In its highly divisive 5-4 opinion in Citizens United v. FEC, the Supreme Court dramatically altered the framework regulating corporate speech during federal elections. Released on January 21, 2010, the Court’s decision struck down legislative and judicial restrictions that have been in place for decades, preventing corporations and labor unions from using general treasury funds on political speech during federal elections. In addition to directly impacting for-profit corporations and labor unions, this case will have a substantial effect on the not-for-profit sector.
The case arose when Citizens United—a 501(c)(4) organization—used general treasury funds to produce a movie highly critical of then-Presidential candidate Hillary Clinton, and then sought to air the movie through video-on-demand services several weeks before the 2008 election. The Federal Election Commission, and subsequently the lower courts, determined that the movie expressly advocated against voting for Hilary Clinton, thus violating the independent expenditure prohibition contained in the Bipartisan Campaign Reform Act of 2002, commonly known as McCain-Feingold Bill.
Prior to Citizens United, if a corporation spent money advocating for or against a candidate during federal elections, it could only do so using funds voluntarily given by individual officers or employees to separate political action committees (PACs or Section 527 organizations). Similarly, labor unions could only use funds voluntarily given by individual union members. Now, as a result of Citizens United, corporations—including certain not-for-profit corporations, such as issue-based 501(c)(4)s and 501(c)(6)s—can use general treasury funds to make independent expenditures expressly advocating for or against candidates in federal elections. The decision left unchanged, however, the existing limits on direct or in-kind contributions to candidates and the required disclosures for corporations making independent advertisements.
Most not-for-profit organizations fall within the purview of this decision, with the exception of 501(c)(3)s. While charities can still engage in nonpartisan election activity, such as voter registration and other get-out-the-vote efforts, the tax-based restriction specific to 501(c)(3)s prohibits these entities from ever endorsing or opposing candidates, rendering them largely unaffected by the Citizens United decision.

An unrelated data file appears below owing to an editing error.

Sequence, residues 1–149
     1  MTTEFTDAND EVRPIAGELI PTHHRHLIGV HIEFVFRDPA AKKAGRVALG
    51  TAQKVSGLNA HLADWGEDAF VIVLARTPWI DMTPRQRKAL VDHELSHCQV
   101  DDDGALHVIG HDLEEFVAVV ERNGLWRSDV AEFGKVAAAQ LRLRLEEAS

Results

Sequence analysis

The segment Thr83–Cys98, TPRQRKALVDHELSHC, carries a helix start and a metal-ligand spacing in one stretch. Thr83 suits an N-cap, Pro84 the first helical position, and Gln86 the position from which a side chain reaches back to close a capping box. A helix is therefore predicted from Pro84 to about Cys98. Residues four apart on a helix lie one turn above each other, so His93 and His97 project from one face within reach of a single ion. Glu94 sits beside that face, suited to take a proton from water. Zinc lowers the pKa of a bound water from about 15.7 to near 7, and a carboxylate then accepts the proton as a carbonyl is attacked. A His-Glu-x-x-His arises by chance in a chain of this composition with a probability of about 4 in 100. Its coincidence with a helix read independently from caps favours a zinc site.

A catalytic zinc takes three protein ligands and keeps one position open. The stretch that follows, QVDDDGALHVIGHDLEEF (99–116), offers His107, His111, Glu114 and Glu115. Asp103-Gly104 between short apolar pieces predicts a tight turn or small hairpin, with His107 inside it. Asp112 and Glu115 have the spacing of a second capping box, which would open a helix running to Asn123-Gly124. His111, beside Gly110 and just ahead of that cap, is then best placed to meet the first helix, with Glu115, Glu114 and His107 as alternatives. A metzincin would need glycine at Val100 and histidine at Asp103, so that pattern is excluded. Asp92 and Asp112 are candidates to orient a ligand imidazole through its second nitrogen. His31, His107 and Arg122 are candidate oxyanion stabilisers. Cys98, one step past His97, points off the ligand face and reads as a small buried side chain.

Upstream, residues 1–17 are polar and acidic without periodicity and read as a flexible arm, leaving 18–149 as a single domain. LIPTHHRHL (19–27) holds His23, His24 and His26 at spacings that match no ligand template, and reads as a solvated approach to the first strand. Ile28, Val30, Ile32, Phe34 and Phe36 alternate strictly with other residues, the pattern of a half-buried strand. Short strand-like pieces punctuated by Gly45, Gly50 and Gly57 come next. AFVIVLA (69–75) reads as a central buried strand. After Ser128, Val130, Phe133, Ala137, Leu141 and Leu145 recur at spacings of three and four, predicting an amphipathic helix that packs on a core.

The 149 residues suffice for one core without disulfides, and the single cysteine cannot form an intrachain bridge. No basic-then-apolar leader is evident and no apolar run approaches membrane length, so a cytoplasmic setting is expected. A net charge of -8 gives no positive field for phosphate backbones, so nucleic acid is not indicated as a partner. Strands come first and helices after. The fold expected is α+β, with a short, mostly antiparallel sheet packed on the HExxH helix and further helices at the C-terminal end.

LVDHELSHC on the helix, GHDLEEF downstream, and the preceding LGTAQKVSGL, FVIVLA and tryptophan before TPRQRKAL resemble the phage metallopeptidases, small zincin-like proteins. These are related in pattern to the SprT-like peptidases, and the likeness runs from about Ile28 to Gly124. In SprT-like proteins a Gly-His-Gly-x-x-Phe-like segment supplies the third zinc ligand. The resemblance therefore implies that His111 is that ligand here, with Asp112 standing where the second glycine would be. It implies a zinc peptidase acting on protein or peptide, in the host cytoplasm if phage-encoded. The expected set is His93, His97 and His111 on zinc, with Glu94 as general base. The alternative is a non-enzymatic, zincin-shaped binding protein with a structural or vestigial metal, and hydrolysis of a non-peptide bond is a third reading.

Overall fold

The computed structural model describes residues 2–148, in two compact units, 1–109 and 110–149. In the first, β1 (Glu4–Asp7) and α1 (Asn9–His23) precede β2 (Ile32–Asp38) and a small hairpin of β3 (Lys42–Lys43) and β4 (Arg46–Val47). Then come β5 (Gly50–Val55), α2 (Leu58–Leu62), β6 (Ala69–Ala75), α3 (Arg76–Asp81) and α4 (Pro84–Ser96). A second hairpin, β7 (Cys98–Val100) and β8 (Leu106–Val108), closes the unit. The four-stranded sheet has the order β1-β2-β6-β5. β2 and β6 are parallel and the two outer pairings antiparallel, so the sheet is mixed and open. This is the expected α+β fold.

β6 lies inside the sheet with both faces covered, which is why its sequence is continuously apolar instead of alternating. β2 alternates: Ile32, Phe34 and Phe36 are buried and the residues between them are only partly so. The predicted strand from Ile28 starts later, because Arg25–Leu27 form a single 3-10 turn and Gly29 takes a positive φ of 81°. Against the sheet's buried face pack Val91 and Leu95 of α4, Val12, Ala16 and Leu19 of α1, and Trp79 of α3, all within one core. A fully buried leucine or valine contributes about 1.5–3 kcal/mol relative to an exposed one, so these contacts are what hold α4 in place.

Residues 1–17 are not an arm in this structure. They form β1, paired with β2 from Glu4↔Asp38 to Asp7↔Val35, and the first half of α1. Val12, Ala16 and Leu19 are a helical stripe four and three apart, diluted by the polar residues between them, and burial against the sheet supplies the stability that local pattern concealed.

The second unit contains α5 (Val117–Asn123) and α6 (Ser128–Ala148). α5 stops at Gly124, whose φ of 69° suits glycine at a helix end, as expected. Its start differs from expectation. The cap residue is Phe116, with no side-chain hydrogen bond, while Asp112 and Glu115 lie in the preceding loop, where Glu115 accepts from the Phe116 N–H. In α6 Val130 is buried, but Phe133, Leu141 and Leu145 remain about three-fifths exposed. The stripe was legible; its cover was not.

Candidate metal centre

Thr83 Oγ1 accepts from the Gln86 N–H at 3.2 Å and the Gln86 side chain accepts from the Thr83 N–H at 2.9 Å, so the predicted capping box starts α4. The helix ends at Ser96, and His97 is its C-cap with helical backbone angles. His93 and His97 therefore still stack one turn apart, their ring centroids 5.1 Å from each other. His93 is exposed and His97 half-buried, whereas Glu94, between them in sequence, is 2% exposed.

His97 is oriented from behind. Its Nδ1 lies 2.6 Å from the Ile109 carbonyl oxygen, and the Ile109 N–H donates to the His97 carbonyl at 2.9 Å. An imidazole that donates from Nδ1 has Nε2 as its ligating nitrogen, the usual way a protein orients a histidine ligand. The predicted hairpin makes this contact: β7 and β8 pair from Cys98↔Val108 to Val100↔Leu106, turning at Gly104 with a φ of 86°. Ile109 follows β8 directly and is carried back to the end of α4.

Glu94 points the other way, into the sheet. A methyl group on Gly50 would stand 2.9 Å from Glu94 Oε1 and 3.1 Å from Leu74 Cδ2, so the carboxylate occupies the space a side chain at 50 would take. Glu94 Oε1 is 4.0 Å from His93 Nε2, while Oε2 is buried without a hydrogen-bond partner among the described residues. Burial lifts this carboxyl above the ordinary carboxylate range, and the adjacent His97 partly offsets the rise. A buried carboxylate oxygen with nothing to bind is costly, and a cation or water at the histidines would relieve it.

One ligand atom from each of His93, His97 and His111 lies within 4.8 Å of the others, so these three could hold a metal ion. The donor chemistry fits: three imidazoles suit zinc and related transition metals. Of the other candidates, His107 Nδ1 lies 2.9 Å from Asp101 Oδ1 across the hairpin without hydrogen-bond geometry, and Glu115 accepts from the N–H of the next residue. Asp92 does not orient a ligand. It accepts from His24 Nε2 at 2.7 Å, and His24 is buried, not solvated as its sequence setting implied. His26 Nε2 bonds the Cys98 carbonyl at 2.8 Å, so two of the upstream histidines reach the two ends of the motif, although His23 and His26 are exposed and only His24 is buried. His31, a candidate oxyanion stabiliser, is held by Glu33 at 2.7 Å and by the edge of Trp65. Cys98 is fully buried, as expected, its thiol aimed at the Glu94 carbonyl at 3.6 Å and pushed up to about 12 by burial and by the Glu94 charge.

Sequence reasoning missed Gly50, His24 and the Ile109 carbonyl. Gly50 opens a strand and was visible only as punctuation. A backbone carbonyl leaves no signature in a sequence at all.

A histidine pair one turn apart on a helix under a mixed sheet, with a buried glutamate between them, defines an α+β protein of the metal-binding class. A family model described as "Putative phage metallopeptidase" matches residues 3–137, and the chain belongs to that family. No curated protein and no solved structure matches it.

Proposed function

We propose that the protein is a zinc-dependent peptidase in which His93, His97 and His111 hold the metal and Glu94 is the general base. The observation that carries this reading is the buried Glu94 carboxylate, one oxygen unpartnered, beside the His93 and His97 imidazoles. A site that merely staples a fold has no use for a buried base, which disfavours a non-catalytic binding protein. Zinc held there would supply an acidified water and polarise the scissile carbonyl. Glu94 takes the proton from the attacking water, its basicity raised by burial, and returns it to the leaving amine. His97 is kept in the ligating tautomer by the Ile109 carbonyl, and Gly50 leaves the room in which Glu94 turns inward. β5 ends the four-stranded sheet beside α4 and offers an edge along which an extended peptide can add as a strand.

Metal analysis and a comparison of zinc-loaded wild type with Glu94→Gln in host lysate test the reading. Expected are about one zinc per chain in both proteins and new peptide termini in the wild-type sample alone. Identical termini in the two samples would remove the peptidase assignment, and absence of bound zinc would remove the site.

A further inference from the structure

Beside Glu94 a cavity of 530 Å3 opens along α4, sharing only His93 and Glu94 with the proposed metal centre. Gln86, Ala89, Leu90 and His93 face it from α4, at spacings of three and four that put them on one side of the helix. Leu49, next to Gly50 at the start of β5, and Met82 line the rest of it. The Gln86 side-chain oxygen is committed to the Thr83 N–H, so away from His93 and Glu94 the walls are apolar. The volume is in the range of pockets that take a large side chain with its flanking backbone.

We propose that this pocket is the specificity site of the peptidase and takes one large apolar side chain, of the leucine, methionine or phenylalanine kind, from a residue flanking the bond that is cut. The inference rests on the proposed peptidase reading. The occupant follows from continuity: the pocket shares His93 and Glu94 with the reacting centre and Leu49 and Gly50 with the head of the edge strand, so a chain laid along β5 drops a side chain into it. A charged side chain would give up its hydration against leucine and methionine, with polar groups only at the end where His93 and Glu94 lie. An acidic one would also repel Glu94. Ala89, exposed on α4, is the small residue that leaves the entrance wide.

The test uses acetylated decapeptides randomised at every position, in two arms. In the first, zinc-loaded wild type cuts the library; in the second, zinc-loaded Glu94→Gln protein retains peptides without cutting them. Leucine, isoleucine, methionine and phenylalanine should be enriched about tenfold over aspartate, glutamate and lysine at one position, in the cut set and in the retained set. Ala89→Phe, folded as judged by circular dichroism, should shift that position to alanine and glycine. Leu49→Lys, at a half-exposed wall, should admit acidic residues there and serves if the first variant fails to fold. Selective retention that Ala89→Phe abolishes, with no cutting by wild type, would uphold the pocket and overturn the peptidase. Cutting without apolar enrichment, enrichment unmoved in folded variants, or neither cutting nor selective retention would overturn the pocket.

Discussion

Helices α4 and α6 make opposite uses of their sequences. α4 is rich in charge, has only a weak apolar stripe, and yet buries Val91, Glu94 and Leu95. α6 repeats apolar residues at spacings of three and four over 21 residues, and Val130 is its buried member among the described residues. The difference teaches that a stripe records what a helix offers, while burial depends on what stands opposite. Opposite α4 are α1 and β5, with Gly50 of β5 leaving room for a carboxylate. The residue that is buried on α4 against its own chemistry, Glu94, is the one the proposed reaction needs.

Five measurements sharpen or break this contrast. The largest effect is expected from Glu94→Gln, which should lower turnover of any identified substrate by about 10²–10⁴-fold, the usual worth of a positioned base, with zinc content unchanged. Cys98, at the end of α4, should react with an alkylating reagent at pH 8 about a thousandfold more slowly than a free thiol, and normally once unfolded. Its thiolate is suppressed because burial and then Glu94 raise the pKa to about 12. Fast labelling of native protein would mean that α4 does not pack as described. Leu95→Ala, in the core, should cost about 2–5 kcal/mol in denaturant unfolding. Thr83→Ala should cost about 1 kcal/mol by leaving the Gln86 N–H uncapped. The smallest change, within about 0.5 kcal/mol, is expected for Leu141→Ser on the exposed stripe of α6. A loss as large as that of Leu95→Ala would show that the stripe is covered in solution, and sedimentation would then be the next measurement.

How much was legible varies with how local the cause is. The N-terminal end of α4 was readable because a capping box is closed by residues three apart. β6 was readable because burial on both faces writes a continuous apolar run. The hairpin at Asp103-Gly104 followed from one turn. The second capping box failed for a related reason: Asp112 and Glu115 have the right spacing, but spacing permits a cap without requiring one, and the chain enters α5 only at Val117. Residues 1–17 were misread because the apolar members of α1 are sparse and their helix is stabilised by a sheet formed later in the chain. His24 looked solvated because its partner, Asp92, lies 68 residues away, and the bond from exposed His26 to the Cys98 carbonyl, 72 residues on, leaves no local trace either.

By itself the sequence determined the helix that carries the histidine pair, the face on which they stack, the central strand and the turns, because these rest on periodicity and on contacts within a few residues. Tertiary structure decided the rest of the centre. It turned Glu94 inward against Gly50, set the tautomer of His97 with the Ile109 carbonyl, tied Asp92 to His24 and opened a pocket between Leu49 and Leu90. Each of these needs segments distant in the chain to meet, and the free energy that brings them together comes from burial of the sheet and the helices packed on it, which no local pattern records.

Other not-for-profit corporations, such as issue-based 501(c)(4)s and 501(c)(6)s, now find themselves in a position to take advantage of the newly-lifted restrictions on speech during federal elections. Unlike for-profit corporations, however, this new-found spending power is not absolute. Not-for-profit organizations remain subject to the primary purpose restriction under federal tax law, preventing 501(c)(4), (c)(5), and (c)(6)s from making political activities their primary purpose. Not-for-profit organizations can generally remain compliant, however, to the extent that their primary purpose continues to promote social welfare rather than political advocacy.
Since this decision, the not-for-profit community’s response has been divided. Some in the sector, including Common Cause and People for the American Way, are mobilizing efforts to minimize the impact of the decision by urging Congress to pass a constitutional amendment granting Congress the power to limit corporate influence in federal elections. Additionally, these groups are simultaneously pushing for new campaign finance legislation. Others, including the Alliance for Justice, are advocating that not-for-profit organizations embrace the decision and take advantage of the new found ability to publicly communicate with voters about issues germane to their organization. Similarly, other not-for-profit organizations are banding together in using the momentum from Citizens United as a catalyst to justify lifting other restrictions specific to not-for-profit organizations, such as the tax-based cap on lobbying activity for 501(c)(3)s.
While Citizens United only addressed corporate spending on political advertisements during federal elections, some are trying to determine whether the case’s central holdings have broader implications. In particular, many are closely watching two cases currently before an en banc panel of the D.C. Circuit Court of Appeals, entitled SpeechNow.org., et al., v. FEC (dockets 08-5223 and 09-5342). These cases touch upon some of the issues left unchanged by Citizens United—specifically, how much money corporations can directly contribute for use in political campaigns. These cases will test, in the wake of Citizens United, the continued vitality of these restrictions.